By David Gardner
Published: May 15 2010 Financial Times
Ten days after enraged protesters laid siege to Greece’s parliament, and extremist provocateurs torched a bank and killed three of its employees, the anger in Athens is more sullen than incendiary. The almost daily demonstra-tions are tightly policed and falling in numbers. Trade union leaders appear to be keeping their powder dry, to launch a wave of action beginning with a general strike next week.
«Strikes and more strikes, from here on that’s our answer», said one demonstration organiser at a march on Wednesday, as he used his megaphone to cry «Down with the junta of the markets», echoed by chants from the crowd of «Half a wage, half a pension, they shall not pass». But passing they are. So far.
With the passage of the first measures of the austerity and reform programme that the socialist government of George Papandreou has accepted as the condition for a €110bn ($136bn, £94bn) bail-out, Greece may be becoming a different place. But there is widespread scepticism as to whether the government can deliver, and a dawning perception that Greece is on the road to becoming a quasi-protectorate of the International Monetary Fund and the European Union.
Some of the old skeletons of foreign intrusion in Greece are rattling in the cupboard. Germany’s hard line on the financial rescue has revived memories of the brutal Nazi occupation during the second world war, for which Greece never received full reparations. The word philotimo , roughly self-esteem or (wounded) pride, is bandied around. Judging by the rhetoric of some politicians and newspapers, the right believes the communists are trying to reignite the 1944-49 civil war – which they lost, partly due to Anglo-American intervention – while the left is painting the IMF-EU as a sort of financial junta, after the military dictatorship that ruled Greece from 1967 to 1974. «Everybody is dipping back into the period that best suits their narrative,» says a reform-supporting political analyst.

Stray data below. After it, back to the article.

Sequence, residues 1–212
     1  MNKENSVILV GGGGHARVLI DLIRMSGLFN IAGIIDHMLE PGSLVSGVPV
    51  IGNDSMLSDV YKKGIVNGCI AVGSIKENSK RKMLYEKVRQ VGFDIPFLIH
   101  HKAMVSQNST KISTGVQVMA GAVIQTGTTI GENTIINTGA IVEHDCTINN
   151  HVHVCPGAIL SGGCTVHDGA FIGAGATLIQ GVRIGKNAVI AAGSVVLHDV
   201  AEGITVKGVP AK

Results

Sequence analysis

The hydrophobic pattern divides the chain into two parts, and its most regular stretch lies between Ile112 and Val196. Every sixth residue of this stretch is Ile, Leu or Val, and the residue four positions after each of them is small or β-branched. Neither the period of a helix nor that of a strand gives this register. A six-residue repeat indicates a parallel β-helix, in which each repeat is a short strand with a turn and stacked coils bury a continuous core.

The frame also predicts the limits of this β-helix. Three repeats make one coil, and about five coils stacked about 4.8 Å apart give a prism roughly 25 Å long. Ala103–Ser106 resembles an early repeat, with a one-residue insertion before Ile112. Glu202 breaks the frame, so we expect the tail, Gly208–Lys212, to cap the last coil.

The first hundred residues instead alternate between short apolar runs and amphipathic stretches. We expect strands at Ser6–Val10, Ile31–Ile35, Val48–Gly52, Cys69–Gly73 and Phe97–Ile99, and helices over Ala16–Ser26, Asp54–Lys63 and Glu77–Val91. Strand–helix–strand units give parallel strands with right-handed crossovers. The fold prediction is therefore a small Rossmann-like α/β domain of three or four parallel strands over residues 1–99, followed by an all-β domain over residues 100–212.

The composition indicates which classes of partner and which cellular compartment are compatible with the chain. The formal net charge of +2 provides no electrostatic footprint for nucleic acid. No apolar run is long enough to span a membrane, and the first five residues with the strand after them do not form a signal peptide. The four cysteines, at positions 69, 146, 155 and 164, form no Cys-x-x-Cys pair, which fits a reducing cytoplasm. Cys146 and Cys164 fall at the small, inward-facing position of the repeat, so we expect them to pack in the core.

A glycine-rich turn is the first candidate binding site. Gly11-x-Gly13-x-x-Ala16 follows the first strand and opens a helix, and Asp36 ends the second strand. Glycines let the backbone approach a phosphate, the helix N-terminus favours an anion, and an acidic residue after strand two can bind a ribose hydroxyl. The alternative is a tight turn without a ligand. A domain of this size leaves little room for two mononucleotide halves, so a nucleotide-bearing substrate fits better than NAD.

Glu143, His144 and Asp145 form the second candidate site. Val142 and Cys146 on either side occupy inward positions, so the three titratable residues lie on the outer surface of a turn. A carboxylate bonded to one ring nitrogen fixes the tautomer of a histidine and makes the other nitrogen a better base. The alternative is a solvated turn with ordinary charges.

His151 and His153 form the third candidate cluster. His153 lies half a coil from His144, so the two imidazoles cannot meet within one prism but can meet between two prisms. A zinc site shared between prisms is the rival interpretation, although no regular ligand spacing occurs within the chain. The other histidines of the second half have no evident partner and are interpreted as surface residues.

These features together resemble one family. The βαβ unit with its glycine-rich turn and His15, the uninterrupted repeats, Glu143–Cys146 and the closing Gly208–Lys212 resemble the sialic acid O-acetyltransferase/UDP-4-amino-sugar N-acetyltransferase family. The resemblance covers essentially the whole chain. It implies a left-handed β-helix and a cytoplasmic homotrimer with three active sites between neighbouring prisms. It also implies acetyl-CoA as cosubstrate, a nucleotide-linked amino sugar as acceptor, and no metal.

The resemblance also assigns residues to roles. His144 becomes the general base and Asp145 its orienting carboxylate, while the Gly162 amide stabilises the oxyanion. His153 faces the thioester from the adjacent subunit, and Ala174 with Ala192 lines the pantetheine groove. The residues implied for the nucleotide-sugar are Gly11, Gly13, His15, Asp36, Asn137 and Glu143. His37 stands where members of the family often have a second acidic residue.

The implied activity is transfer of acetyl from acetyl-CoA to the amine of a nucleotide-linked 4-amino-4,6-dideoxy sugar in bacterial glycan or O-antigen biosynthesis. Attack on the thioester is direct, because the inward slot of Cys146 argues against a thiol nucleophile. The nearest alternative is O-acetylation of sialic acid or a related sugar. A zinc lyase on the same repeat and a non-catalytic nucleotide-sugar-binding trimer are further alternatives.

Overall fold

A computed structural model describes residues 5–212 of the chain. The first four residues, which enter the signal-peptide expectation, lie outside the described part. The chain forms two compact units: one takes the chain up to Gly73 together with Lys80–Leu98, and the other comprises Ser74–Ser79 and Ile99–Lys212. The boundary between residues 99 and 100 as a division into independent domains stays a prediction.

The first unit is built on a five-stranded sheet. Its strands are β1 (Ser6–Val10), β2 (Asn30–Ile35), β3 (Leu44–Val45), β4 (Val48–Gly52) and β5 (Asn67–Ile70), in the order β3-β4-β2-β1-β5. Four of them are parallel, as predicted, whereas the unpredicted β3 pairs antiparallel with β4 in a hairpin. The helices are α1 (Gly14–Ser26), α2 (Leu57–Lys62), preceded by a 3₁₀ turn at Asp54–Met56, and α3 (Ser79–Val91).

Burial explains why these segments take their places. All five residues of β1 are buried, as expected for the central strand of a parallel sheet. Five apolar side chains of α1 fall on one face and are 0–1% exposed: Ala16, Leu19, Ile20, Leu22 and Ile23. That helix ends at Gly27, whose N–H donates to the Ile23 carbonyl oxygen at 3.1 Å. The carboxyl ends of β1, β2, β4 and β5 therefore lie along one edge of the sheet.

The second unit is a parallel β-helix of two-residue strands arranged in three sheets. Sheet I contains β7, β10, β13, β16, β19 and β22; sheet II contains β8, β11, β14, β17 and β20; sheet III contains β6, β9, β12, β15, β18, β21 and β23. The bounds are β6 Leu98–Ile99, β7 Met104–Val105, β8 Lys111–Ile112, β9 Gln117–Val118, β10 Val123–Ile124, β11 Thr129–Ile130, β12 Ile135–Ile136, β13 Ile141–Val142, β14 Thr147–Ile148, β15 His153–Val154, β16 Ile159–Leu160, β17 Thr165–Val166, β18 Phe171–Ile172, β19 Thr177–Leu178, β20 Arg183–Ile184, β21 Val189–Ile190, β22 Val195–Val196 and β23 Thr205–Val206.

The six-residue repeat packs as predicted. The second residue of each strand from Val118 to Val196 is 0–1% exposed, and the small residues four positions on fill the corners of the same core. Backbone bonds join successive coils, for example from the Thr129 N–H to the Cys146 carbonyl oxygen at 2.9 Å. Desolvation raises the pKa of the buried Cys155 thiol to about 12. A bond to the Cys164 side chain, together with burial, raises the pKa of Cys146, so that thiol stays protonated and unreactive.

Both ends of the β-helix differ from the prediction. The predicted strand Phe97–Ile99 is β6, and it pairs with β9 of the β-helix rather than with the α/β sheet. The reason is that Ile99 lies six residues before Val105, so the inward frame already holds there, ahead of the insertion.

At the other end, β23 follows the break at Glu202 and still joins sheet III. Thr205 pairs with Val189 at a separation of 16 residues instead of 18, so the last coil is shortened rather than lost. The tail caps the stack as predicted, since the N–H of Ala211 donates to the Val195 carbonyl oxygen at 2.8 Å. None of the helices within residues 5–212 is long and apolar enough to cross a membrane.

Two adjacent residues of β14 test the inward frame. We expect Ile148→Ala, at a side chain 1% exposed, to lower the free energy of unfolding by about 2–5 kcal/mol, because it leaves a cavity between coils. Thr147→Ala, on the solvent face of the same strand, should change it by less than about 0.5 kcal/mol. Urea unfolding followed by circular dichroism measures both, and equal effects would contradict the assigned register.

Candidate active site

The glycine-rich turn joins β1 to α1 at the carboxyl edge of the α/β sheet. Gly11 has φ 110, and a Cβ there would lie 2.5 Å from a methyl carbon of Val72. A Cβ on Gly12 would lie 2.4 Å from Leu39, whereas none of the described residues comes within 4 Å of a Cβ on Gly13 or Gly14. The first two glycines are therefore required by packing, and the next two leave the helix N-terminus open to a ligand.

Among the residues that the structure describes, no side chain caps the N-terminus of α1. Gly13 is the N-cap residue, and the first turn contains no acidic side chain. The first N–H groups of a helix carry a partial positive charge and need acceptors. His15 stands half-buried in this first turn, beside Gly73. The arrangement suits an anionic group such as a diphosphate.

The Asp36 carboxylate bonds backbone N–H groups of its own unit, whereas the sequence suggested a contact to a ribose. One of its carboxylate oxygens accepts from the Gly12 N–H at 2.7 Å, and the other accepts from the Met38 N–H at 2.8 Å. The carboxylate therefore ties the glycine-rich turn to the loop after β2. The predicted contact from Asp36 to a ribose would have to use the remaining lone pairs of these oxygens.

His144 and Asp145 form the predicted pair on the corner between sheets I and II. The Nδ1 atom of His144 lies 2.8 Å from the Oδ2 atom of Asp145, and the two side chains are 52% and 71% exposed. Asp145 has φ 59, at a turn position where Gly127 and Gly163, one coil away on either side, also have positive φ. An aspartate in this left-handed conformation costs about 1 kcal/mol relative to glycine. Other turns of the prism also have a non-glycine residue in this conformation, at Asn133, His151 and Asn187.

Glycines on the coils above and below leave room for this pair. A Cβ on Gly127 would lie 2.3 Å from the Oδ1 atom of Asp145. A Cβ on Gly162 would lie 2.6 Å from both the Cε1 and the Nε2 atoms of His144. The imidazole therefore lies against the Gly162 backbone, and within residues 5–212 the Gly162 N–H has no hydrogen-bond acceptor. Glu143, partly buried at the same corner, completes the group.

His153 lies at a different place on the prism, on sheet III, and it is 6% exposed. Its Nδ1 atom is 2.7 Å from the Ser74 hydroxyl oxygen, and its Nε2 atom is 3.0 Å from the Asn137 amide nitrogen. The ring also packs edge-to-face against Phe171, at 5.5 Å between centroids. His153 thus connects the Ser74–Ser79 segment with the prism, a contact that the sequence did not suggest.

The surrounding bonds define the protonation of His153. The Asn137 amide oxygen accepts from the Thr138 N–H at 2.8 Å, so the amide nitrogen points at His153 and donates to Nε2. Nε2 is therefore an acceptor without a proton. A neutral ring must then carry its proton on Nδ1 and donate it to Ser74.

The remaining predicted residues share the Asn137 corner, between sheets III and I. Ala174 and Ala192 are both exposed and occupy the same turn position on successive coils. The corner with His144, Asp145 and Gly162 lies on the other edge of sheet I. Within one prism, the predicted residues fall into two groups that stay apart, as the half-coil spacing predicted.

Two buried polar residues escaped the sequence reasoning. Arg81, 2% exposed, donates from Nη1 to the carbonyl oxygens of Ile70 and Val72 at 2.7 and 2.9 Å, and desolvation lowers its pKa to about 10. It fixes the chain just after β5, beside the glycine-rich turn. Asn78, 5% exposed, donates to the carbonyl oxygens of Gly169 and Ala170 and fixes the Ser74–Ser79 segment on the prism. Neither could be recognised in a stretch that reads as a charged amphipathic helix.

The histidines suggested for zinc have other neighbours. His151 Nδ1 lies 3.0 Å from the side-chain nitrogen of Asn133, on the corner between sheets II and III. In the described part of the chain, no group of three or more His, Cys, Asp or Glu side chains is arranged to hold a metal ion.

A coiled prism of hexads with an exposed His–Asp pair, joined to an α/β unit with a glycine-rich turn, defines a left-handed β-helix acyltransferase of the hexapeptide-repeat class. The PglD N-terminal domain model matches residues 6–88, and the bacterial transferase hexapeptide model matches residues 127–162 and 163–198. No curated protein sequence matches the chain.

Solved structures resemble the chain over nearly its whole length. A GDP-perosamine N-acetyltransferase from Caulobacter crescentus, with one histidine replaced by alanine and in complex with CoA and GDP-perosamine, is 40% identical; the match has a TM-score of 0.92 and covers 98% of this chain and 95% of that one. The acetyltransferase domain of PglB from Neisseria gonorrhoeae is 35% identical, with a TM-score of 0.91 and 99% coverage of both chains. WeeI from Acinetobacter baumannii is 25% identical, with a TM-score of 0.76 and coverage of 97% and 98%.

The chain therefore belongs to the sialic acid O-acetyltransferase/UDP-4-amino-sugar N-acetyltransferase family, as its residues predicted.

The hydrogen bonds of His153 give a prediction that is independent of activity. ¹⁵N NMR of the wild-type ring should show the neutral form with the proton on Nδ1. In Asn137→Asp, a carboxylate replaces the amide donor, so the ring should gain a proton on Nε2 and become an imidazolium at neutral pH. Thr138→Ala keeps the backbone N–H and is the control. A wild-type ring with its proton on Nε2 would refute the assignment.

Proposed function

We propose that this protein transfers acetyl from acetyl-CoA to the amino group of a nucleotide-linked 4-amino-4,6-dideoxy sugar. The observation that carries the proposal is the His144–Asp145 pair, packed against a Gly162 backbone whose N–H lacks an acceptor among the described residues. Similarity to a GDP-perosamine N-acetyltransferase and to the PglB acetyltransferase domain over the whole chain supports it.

But it is not really the corpses of Greece’s turbulent past that are being exhumed. «This is not like Cyprus or something where you can blame it all on foreigners», says the analyst. Yet even he says: «I feel profoundly that this has been a process of humiliation.»
On the streets the feeling is a mix of rage at politicians and fear for what the future holds, as Greeks face the prospect of lower wages and pensions, fewer job opportunities and the cracking open of closed shops and cartels covering 70 professions and activities – at least in theory.
At one anti-cuts demonstration outside parliament, Stella Andreadi, a primary school teacher waiting to be assigned, says: «The politicians are the robbers, they were responsible for squandering the money of the state. I’m lucky to have made it on to the list [of assigned teachers] but I don’t know when my turn will come. Maybe I won’t get assigned at all. These are very difficult times».